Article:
It’s a Blame Game for the Issue in COA

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Unexpectedly, Sen. Leila De Lima blamed President Rodrigo Duterte for endeavoring to “mislead” analysis of his own administration by uncovering Commission on Audit provides details regarding the inside and equity offices under the past organization.

In view of this, Duterte during a pre-recorded location broadcasted late Tuesday night resuscitated claims that the Department of Justice under De Lima in 2013 had unliquidated loans adding up to P617.44 million. A similar charge was conveyed by media sources a very long time earlier and was questioned by the DOJ at that point, which said virtually all loans had effectively been sold starting at 2014.

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The president additionally raised that state inspectors hailed reserve moves worth P7 billion that were not exchanged by the Department of the Interior and Local Government drove by Mar Roxas in 2013. Roxas’ camp at the time is cited in a few news reports as saying the assets were unliquidated on the grounds that the DILG’s undertakings were all the while being executed.

For somebody who can’t even freely reveal and deliver his own SALN, Duterte’s allegation against me and Sec. Blemish Roxas in regards to COA’s past covers our organizations is outright wealthy in incongruity and deception. This is what De Lima said in a written by hand dispatch from Camp Crame where she is right now confined.

She further called Duterte’s comments a reasonable instance of confusion, moving the president to record cases with the Ombudsman emerging from a similar COA reports. “[Duterte] can’t [file a case] on the grounds that those records have for some time been settled and shut.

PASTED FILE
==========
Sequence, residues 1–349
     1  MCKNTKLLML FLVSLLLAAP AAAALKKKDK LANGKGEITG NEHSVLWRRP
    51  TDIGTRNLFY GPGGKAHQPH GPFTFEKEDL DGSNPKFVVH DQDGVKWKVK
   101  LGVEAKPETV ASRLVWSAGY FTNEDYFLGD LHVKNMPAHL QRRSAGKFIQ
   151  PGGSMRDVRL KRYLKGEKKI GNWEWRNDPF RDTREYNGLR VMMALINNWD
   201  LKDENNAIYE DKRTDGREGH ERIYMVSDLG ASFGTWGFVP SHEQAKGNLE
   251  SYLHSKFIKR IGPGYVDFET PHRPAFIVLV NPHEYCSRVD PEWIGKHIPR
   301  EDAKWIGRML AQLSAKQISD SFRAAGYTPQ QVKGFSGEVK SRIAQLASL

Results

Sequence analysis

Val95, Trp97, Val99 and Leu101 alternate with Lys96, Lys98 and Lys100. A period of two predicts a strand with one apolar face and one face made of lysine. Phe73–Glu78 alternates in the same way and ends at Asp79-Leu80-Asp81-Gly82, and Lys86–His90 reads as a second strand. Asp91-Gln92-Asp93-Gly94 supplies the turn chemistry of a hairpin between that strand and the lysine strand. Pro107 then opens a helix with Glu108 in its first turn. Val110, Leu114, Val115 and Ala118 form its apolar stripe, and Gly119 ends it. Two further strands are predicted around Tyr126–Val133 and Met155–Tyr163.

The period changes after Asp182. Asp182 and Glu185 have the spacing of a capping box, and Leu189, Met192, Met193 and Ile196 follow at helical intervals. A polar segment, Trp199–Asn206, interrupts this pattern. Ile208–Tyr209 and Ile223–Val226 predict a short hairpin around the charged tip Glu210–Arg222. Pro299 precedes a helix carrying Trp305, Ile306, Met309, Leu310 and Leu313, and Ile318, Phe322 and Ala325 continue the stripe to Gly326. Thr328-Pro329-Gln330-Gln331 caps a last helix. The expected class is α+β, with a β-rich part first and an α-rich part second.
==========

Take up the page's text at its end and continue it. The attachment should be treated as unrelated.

That is the reason no further cases were made out of those reports, and that is the reason Duterte, with all his propensity for documenting created arguments against me, couldn’t manufacture a case out of those COA reports.”

De Lima further said that she, alongside different individuals from the late President Benigno Aquino III’s Cabinet, “consistently treated COA reports in a serious way, revised whatever insufficiencies were distinguished in those reports, and acted likewise to agree with COA proposals.”

Duterte as of late has again confronted examination over his choice to hold Duque as wellbeing secretary notwithstanding COA hailing “insufficiencies” in the Department of Health’s expenditure of basic pandemic assets.

Morever,  the president emphasized his help for Duque who he said was “painted dark” by COA’s review report, and said he could never fire the wellbeing secretary yet would acknowledge a deliberate renunciation

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